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Debt Snowball Calculator

Brittney Myers
By: Brittney Myers

Our Personal Finance Expert

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Motivation is a powerful tool in managing your personal finances. It can also be one of the biggest challenges in maintaining debt repayment. The debt snowball method is designed to keep you motivated and pay off debts quickly and consistently. Our debt snowball calculator can help you master the snowball method by organizing your debts and exploring your repayment options. Get started below.

Debt Snowball Calculator

How to use this debt snowball calculator

Our Debt Snowball Calculator can make organizing your debt simple. Just follow these three steps:

  1. Input your current debts, including balances, interest rates, and minimum payments. Be sure to click 'Add Debt' after each new debt is added.
  2. Add any amount you can put toward debt each month in addition to your minimum payments.
  3. Click "Calculate."

You don't need to enter your debts in any specific order.

Your debt-free payoff dates

The results at the bottom of the Debt Snowball Calculator show you the expected payoff dates for your total debt. It also shows you how much you will have paid in interest fees by the time your debt is paid off.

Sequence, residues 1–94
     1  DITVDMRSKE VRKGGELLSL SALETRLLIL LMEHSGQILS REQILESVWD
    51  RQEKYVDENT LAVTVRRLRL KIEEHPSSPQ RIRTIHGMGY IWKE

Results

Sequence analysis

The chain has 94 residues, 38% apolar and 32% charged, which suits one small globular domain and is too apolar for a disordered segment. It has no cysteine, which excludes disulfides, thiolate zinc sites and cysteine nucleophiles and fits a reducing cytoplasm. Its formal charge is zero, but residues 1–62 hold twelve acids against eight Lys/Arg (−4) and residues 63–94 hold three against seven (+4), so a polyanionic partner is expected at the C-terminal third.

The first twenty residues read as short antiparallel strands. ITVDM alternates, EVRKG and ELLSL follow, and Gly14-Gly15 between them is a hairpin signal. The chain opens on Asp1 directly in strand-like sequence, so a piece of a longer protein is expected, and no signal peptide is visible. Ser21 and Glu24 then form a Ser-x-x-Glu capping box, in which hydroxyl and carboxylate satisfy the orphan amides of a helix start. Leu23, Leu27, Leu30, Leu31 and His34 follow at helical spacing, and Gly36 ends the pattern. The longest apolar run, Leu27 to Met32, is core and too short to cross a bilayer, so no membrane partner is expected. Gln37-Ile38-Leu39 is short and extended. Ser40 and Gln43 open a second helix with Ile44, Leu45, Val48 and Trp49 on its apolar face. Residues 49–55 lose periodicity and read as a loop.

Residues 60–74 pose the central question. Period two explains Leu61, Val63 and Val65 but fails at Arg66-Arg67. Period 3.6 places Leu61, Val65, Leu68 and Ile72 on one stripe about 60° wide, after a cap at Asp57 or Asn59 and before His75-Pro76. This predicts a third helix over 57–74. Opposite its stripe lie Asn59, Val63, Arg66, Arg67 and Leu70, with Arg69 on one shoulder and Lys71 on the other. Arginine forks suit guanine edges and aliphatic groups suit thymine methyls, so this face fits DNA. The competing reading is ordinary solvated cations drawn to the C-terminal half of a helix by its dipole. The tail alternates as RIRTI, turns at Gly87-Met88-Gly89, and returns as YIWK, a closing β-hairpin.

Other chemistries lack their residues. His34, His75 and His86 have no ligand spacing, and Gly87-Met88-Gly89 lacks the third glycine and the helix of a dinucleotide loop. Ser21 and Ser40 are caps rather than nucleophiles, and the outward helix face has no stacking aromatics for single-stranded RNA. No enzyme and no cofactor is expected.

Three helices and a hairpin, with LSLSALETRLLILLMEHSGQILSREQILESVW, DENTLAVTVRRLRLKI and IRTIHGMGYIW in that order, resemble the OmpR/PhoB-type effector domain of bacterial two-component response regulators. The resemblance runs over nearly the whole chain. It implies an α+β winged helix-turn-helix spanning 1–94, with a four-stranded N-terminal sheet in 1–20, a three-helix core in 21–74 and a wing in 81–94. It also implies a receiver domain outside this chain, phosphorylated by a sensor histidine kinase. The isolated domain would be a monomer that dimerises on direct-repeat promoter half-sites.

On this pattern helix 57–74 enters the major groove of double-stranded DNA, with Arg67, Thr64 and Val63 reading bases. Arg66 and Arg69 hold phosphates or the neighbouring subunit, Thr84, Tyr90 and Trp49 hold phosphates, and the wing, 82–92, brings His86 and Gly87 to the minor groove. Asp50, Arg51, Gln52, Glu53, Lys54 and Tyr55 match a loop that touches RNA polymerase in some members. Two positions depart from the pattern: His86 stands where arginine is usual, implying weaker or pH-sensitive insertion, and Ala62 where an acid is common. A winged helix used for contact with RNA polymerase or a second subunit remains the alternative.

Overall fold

You can use the additional monthly payment field to explore how the amount of your extra payment changes the time it takes to pay off your debt. You'll also see how it influences the amount of interest you pay over the life of the debt.

How the debt snowball method works

The debt snowball method prioritizes paying off debts as soon as possible. Each time you pay off a debt, you get the satisfaction of checking it off your list. This can help you stay motivated. Here are the basic steps of the debt snowball method:

  1. Order your debts by balance size.
  2. Make your minimum payment for each debt.
  3. Put any extra funds toward paying off the smallest debt.
  4. Once a debt is paid off, roll over the same payment to the next debt on the list.
  5. Repeat until you've paid off all your debts.

With this method, you pay off your smallest debt first, which could mean you knock it out in just a few months, offering a sense of achievement and progress. Seeing your debts disappearing can help you keep going. Each time you pay off a debt, you put the amount of the payment you were making on that debt towards paying off the next debt on your list. So as you move down your list, the amount of money you're putting toward the current smallest debt increases. By the time you're ready to tackle your largest debt, you've freed up a substantial amount to use in paying it off.

While the debt snowball can be a great way to stay motivated, it's not without some compromises. The snowball method organizes debts by size, rather than by interest rate. This means you could wind up paying more in total interest than you would with other strategies.

You also need to make at least your minimum payment for each debt every month. Keeping track of due dates and payment amounts can be a challenge.


Debt Payments